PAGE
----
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Can your computer handle high-speed cable access?
technofile  by al fasoldt
Columns and commentaries in a life-long dance with technology 
Simple gray rule


Can your computer handle high-speed cable access? 

An ftp download via cable modem. Click the photo for a larger version.

    Click this image of a CuteFTP window for a full-size version, in which you can easily see the transfer rate in the status bar at the lower right. The transfer is going at 373 KB per second. Image courtesy of Robert Fasoldt, a Road Runner subscriber in the Tampa Bay area. (And, yes, he's my brother.)

Technofile for April 5, 1998

By Al Fasoldt

Copyright © 1998, The Syracuse Newspapers


Getting onto the Internet by modem is fairly simple, and even the oldest Windows PCs and Macs can handle it. But the new ultra-high-speed cable Internet connections that are coming this summer require newer computers. Is your PC or Mac up to the task?

If you have an older PC or early-model Mac, the answer may be no. But anyone who has a PC or Macintosh bought new in the last three or four years should have no problems.

Time Warner, which will be offering cable Internet access in the greater Syracuse area starting this summer, has listed basic requirements for PCs and Macs. Like every other attempt to list qualifications, the one Time Warner has put together lumps a lot of requirements into a short list. So let's put it into English. I'll also list a few things you will not need at the end.

PCs:

Your PC should have a 486 processor, Pentium processor or Pentium-class processors. (Pentium-class processors are sometimes called "586" or even "686" chips.) Your PC must be running Windows 95 or Windows 98. (Time Warner did not say if Windows NT 4.0, the heavy-duty version of Windows, would qualify; I'm assuming it would.)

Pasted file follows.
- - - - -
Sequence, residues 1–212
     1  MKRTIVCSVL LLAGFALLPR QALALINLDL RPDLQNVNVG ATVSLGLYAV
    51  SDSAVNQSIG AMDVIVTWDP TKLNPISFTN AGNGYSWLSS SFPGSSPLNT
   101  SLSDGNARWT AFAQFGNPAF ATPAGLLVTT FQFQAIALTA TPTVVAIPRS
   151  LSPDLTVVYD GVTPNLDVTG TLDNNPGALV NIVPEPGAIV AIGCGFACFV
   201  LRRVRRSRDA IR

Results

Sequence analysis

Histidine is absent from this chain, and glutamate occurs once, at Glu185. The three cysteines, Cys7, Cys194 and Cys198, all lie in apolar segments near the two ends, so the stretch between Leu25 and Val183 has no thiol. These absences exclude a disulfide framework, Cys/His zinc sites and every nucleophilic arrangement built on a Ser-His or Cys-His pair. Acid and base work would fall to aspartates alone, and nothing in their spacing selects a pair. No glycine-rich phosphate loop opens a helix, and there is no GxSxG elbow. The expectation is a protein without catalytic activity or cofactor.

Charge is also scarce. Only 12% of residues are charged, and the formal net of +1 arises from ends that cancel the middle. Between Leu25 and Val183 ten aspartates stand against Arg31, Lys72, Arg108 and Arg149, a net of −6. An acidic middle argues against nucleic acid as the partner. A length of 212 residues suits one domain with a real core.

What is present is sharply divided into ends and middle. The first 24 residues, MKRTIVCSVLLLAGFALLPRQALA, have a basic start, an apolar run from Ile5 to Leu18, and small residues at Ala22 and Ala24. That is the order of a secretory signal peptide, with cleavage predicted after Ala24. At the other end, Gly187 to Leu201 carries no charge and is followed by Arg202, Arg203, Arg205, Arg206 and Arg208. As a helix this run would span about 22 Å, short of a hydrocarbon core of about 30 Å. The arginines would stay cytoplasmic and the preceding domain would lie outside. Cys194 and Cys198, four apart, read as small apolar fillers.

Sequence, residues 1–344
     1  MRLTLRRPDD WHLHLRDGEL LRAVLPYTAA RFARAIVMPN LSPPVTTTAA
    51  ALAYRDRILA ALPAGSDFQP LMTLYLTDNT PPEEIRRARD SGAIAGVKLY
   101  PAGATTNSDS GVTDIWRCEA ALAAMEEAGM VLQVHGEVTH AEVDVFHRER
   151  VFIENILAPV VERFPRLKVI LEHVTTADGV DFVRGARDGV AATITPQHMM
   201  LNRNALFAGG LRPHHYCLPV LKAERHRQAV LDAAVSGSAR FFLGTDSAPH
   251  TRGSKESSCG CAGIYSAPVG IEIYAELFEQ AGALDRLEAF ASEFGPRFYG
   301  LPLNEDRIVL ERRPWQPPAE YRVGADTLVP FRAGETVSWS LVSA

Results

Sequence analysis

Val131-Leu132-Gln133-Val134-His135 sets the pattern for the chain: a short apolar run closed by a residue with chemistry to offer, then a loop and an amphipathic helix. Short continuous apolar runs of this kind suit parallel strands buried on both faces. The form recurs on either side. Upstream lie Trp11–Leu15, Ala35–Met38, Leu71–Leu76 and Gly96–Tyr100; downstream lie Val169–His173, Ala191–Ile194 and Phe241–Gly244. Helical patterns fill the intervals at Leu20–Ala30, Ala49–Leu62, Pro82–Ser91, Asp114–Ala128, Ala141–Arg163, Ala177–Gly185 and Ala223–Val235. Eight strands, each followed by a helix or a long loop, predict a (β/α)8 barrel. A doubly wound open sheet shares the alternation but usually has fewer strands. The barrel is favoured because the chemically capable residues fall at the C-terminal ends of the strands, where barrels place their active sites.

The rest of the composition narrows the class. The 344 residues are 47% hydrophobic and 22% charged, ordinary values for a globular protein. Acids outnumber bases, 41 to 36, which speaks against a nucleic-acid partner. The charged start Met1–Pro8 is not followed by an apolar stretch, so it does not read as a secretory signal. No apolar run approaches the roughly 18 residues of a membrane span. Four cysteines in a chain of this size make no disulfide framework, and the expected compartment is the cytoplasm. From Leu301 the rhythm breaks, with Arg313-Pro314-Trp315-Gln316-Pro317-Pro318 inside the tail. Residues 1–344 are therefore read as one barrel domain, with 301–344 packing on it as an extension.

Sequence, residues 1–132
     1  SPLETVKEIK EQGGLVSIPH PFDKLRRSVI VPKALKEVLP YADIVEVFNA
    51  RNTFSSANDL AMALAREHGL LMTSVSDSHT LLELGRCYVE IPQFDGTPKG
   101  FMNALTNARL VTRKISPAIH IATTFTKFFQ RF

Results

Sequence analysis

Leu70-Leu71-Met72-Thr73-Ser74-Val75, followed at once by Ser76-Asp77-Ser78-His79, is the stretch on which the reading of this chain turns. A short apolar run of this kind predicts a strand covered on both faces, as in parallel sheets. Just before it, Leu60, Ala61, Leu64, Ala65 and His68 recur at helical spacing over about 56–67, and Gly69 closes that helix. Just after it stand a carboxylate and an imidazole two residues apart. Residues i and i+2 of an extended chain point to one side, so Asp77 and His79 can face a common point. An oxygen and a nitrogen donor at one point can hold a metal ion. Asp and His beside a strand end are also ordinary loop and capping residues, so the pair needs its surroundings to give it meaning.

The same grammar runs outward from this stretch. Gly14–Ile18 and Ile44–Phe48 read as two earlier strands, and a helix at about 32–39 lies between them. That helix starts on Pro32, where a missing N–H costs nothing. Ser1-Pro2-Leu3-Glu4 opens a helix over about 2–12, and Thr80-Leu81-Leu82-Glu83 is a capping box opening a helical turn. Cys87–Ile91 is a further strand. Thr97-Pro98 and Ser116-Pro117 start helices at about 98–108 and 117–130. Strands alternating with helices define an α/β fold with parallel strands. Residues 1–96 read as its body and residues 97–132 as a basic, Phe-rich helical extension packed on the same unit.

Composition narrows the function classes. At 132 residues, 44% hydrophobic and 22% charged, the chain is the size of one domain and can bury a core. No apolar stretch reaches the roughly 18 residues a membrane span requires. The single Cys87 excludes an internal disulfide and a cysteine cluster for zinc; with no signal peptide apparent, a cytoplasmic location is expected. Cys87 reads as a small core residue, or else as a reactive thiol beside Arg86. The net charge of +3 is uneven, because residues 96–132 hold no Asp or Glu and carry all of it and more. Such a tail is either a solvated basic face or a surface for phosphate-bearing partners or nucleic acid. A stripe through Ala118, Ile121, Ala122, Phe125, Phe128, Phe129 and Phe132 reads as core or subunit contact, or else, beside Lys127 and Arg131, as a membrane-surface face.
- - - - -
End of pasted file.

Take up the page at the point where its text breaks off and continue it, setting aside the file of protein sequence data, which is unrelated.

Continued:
The computer's speed, also known as the processor's speed, must be 66 MHz or faster. (An exception: If you have the slowest Pentium, a 60 MHz model, you're OK.) Much more important than the speed of the computer is the amount of memory, or RAM, it has. The minimum is 16 megabytes, but that's not really enough for fast Internet operations (or any other kind of serious computing) under modern versions of Windows. If your PC has only 16 MB, add 64 MB before getting a cable connection. (Two 32 MB memory chips should cost about $80.)

Your PC will also need a lot of free storage space. This is called drive space and is not related to the amount of memory the computer has. Time Warner says the PC should have 110 megabytes free. If your drive is already filling up, buy a second drive or a larger main drive before getting cable service. (A new 3-gigabyte drive should cost less than $150, and you can find a 6-gigabyte drive for less than $200. A gigabyte is roughly 1,000 megabytes.)

Macs:

You'll need any model Power Mac or an older Mac that uses a 68040 processor chip. (Old, single-unit Macs usually won't qualify.) Processor speed is just as important in Macs as in PCs, so beware of the earliest Power Macs. They're sluggish even with seemingly fast processor chips.

Time Warner says your Mac needs to be running System 7.5.3 or later and use Open Transport. Macs should have at least 24 megabytes of memory (twice that much is better) and need the same free disk space as PCs, 110 megabytes. If your Mac is short on disk space, add a second disk drive or upgrade the main drive before getting a cable connection. Most Mac drives are more expensive than PC drives, but you can get the same low prices as PC owners if your Mac uses an EIDE drive. (Check the manual or call a Mac computer shop.)

What don't you need for cable Internet access?

You don't need a phone line. You'll be accessing the Internet though the cable.

You won't need a modem. (Note, however, that if you use your computer to do any faxing, you'll either have to keep your modem or switch to one of the Internet fax services.)

You won't need to have an account with an Internet Service Provider (ISP) or with America Online. Time Warner's service, called Road Runner, replaces most, if not all, the functions of your ISP.


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